What vault are we doing and where are we doing it? That is the very first thing a disc dog team needs to know. One of the most important vault principles, cuing direction, can be considered “Telling”. We Tell the dog which vault we are doing and where it will be done. Everybody knows what’s happening before anything actually happens..
How are you communicating that with your dog?
Three Steps: Tell | Trigger | Target
In this video 3 steps are highlighted. We tell the the dog what we are doing and where we are going to do it with a hand signal and a verbal cue. Then we let that sit for a moment.
From that still moment, we pull the Trigger, which is the obstacle being presented or the feet moving or stance shifting. You don’t want the trigger to be the disc, that is the Target and it will probably do some funky things before it becomes the target when it leaves our hand.
The Target is the disc in flight. The dog should leave the ground for the target.
In this lesson we are focused on one: Tell.
Your dog should know, by verbal discrimination, all the types of vaults you do. In my play, I have Top (linear vault), Rebound (a Essentially a flip off of a part of the handler's body, the Reverse Vault is a vault that stays on one side of the handler. If the dog starts the trick in front), A Stall has the dog leaping up and chilling out on the handler’s back. Stalls are great for showmanship and for presenting a dog to the crowd. They create a dramatic or emotive (jump up on me and chill), The Jakie is a trick where the dog intercepts the disc on the way to the handler's body and then uses the handler's body to safely and stylishly flip to land the trick. (catch the disc on the way to flipping off my body), and An athletic Set Up Move, the Fakie is a flip off of the handler's body (normally the chest) with no disc in flight or intended to be caught. It is usually named by (flip off my body for no target). Each of these has a verbal cue that my dogs understand.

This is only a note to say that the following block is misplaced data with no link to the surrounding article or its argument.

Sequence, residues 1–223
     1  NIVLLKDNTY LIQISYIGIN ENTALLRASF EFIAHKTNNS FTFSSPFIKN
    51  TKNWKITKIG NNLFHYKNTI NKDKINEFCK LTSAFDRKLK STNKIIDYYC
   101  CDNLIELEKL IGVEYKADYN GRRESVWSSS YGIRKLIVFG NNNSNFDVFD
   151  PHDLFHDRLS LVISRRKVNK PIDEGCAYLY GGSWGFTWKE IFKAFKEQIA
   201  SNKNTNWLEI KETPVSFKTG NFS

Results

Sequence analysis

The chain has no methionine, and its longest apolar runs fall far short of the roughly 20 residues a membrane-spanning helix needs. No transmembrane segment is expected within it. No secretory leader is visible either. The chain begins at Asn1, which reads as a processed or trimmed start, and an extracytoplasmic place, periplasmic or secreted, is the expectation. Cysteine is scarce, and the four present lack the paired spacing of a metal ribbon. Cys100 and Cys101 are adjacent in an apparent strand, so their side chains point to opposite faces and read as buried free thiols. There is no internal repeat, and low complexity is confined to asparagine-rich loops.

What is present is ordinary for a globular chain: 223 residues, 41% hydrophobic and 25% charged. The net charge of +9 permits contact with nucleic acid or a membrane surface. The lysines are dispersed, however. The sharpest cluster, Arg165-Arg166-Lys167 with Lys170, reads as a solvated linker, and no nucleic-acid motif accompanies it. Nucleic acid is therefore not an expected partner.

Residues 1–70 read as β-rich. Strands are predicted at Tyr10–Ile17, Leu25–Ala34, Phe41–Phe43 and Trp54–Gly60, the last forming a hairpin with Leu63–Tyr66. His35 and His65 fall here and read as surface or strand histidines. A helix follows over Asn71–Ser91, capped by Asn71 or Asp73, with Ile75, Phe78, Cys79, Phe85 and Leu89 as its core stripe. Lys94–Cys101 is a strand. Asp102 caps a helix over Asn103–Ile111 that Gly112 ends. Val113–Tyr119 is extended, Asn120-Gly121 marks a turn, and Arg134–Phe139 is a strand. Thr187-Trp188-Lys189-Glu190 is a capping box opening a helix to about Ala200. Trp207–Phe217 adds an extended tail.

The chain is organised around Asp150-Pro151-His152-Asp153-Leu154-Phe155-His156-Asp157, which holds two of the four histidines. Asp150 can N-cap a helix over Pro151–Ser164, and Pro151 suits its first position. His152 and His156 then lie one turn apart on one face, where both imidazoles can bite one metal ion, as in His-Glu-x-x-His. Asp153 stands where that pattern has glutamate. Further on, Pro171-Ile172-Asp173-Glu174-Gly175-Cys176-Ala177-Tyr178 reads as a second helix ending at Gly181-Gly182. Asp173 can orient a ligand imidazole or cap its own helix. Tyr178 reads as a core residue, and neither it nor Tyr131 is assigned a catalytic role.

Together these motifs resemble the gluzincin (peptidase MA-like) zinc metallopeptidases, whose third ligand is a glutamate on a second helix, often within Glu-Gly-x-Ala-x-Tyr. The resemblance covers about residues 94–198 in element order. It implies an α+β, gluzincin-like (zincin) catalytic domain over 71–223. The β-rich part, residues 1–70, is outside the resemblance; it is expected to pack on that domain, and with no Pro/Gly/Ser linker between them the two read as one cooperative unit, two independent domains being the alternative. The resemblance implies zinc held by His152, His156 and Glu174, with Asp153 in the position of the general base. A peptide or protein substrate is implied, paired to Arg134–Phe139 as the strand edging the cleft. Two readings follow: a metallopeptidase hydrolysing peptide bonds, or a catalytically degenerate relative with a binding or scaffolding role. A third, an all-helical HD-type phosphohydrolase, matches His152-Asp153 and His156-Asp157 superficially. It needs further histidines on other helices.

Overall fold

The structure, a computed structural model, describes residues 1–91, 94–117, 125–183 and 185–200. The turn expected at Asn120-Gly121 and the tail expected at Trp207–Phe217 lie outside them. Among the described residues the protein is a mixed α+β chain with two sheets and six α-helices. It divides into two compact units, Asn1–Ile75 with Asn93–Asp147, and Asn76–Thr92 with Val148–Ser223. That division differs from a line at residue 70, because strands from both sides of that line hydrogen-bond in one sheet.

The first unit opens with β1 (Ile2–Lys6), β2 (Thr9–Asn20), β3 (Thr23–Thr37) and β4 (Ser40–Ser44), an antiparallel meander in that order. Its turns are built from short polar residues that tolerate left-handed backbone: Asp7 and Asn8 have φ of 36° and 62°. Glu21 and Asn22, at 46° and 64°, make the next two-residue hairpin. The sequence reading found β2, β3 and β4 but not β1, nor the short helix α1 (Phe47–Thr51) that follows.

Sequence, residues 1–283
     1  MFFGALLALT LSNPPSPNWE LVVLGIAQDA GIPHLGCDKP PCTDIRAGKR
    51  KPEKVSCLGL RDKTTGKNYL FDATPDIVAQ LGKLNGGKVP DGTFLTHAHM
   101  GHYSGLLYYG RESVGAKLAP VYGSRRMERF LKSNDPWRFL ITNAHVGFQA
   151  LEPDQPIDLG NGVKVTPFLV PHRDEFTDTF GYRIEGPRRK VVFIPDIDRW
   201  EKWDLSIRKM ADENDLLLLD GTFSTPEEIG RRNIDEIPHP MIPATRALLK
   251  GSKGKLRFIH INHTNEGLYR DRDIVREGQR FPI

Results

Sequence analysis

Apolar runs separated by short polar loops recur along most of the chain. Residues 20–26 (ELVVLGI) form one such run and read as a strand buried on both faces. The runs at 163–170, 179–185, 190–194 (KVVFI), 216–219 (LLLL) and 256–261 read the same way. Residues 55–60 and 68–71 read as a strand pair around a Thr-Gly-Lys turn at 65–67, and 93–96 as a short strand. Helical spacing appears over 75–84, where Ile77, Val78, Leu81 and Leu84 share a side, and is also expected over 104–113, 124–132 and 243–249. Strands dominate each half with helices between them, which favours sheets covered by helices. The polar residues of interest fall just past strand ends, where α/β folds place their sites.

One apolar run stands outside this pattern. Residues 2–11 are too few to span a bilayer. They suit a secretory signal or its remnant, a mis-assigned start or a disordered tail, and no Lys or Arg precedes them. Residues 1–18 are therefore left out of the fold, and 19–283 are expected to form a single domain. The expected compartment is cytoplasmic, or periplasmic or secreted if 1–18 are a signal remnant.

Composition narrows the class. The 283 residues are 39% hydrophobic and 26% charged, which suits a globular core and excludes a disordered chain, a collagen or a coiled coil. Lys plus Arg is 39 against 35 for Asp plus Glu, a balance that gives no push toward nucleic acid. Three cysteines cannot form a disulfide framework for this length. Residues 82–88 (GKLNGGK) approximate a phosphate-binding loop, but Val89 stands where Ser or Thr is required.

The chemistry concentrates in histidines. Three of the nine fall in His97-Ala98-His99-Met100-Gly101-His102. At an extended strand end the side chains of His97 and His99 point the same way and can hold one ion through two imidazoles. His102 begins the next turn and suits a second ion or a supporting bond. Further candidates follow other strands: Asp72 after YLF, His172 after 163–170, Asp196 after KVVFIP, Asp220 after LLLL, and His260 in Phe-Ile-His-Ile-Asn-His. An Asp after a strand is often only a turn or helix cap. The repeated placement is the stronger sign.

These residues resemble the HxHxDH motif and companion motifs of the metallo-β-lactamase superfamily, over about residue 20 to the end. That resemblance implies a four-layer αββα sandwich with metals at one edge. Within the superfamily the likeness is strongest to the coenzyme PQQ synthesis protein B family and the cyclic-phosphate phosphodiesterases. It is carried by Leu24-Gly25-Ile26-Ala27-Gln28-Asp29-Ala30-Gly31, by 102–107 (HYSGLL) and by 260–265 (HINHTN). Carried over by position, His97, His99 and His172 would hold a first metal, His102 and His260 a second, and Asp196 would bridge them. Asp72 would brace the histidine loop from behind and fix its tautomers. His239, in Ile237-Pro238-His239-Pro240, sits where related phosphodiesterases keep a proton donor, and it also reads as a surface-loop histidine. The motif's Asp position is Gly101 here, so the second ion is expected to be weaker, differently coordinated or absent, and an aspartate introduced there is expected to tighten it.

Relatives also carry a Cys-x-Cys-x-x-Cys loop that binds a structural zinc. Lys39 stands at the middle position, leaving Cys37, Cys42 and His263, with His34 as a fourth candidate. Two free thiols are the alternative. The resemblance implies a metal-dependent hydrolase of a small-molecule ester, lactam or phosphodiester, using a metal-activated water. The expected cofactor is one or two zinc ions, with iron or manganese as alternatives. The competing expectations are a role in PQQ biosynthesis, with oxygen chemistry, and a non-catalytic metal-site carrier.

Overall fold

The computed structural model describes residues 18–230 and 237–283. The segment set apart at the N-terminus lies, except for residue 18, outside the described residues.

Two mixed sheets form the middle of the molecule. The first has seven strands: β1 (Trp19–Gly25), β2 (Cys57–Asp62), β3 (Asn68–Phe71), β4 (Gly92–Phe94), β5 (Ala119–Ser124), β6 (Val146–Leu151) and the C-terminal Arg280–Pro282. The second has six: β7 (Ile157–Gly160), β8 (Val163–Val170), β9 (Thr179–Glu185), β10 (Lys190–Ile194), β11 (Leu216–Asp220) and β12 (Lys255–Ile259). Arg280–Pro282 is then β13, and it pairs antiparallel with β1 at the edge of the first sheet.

Cue Direction > Go Neutral > Be Still
After the verbal cue, cue direction with a simple physical presentation of the disc and cue. Present the disc as close as you comfortably can to where the Target is going to be caught. You don’t need to put it exactly where it will be caught, but do your best to show where it is going – putting it in line with where the catch will be made from the dog’s perspective is fine.
After the directional cue, it is important to settle into a neutral position. You don’t want the dog anticipating the cue from the physical presentation as the physical presentation is not, and should not be your Trigger. You still have to throw the target and don’t want to be rushed.
Being still and neutral draws attention to and isolates the Trigger. Which we’ll cover in another piece soon.